As rock and roll and op art began to change the cultural landscape, fashion followed suit. The fashion of the 1950’s was heavy and serious but the fashion of the 1960’s was fun, carefree and colorful. Teenage girls began to experience a new freedom and new companies sprung up making products that would be attractive to these younger consumers.The handbag was now not only a practical accessory but could be fun or even ridiculous, and could be changed easily to suit the wearer’s mood. Designers like London’s Mary Quant used bold graphic prints and odd materials like Lucite and tried to make fashion accessible to everyone regardless of age or social status. The bag of choice during this time was the “swinging” shoulder bag that kept the hands free and became a symbol of liberation for the sixties woman. The hippie movement soon ousted graphic PVC in favor of big, unstructured bags made from of textiles and natural materials like suede and wool.
1970-1980 Feminists, Falchi & Fakes
The 1970’s broke to unrest among women as feminists like Germaine Greer targeted the fashion industry as one of the cultural institutions that dominated and suppressed women with its unattainable beauty ideals. Many women began to reject bras, handbags, make-up and anything else with a clearly feminine connotation. As a result, bags of the early 1970’s were very serious, imminently practical and had little adornment. The bag had became a very utilitarian tool but as disco entered the scene, women wanted something a bit more flashy. Carlos Falchi stepped in making bags of pink crocodile, black python and red lizard skin that fit well into the sexually-charged atmosphere that disco created.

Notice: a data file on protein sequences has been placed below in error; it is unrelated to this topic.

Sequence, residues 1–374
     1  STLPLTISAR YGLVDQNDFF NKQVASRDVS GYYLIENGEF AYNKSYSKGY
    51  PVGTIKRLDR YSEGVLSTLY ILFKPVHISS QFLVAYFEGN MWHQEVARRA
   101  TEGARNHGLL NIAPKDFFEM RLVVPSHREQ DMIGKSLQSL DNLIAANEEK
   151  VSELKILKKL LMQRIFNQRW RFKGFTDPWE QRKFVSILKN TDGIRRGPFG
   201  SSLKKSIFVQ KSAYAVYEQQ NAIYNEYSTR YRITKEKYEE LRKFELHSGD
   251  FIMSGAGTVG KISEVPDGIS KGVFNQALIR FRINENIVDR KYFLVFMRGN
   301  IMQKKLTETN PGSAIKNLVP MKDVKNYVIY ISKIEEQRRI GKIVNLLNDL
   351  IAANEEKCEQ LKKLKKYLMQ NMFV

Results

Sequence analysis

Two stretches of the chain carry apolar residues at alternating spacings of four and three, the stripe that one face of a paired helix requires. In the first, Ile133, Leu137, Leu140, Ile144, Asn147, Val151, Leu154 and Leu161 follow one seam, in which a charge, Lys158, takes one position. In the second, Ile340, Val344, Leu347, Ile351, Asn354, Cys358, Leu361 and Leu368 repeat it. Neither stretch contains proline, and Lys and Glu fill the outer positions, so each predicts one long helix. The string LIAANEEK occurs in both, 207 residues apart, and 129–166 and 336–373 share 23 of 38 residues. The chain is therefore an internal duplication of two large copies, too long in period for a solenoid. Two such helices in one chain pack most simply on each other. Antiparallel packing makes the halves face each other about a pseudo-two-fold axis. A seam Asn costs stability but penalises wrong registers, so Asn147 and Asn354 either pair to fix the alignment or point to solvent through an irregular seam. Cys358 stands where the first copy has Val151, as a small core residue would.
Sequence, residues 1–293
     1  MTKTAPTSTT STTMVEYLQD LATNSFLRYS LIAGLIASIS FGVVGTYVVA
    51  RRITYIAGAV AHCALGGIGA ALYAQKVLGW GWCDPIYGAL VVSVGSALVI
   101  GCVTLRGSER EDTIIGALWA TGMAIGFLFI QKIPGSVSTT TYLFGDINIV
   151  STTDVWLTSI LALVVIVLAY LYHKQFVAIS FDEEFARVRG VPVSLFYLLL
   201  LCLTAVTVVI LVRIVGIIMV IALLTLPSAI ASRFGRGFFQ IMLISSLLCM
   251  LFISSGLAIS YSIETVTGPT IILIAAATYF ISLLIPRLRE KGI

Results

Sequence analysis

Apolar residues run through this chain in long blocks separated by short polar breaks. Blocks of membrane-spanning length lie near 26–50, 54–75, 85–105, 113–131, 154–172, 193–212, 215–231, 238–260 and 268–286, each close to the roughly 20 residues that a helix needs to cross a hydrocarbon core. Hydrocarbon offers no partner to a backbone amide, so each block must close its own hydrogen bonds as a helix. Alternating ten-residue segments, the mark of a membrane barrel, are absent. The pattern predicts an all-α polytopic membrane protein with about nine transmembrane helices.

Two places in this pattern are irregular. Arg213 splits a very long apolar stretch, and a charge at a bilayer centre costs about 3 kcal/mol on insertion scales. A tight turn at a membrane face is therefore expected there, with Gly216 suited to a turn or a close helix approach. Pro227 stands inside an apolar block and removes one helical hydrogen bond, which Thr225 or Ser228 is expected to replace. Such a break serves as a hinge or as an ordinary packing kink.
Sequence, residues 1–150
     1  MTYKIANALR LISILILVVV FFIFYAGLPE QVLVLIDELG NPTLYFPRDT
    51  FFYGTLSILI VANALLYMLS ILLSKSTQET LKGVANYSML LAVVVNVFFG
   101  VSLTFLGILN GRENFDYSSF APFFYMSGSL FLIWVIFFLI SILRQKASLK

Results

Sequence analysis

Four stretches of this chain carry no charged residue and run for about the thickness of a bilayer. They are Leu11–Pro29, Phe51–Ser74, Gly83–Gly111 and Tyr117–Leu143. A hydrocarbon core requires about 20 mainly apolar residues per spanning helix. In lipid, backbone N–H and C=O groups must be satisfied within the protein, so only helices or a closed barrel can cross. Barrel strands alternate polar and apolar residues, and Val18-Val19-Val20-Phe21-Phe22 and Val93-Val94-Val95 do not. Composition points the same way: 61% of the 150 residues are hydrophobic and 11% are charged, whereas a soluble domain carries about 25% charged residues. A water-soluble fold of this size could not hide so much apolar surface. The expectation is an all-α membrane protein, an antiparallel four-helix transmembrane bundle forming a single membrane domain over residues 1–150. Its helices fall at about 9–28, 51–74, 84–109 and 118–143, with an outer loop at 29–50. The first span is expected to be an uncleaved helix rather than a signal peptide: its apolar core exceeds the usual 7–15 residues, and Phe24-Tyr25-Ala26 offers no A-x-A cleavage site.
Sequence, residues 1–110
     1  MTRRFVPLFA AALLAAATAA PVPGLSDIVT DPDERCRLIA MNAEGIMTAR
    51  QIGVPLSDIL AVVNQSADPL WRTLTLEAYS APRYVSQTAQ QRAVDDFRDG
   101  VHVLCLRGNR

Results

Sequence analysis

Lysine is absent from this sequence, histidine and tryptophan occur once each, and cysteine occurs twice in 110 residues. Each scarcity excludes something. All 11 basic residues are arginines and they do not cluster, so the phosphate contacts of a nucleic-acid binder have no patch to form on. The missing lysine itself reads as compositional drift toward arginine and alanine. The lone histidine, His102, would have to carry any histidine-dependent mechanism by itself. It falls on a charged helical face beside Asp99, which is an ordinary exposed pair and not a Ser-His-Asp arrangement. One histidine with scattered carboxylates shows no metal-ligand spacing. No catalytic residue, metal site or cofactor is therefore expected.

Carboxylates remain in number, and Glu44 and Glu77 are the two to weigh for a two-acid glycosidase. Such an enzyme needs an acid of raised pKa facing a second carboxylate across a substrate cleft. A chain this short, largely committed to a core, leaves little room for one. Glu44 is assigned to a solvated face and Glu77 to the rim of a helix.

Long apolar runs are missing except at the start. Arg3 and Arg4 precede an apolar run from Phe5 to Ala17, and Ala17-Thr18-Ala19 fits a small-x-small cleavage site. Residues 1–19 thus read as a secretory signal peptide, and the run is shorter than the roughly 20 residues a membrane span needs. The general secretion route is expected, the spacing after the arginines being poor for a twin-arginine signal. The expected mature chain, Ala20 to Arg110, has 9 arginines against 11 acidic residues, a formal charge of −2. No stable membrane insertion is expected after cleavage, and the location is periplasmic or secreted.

While Falchi’s unusual designs were very popular, branded bags still reigned and labels became more and more important. Simple structured handbags fetched high prices, not based on the materials, but based on the logo they carried. This new obsession with logos also led to the counterfeiting of designer products. Industrial advances caused many companies to move their manufacturing to poorer countries where there was less oversight and less concern over copyright infringement. Fake handbags flooded the market, tarnishing high-quality brands like Gucci.
1980-2000 Success & Simplicity
The 1980’s saw women climbing the corporate ladder and looking for items to show that they were moving up. The designer handbag proved a good way to exhibit wealth and good taste. Female executives were often encouraged to eschew the purse entirely since such a feminine item could prevent them from advancing in a male-dominated workforce, but many corporate women ignored this advice believing that femininity and business success could go together. Women began “power dressing” in shorter skirts, sharply tailored suits and killer heels. Their bags followed suit becoming large and flashy.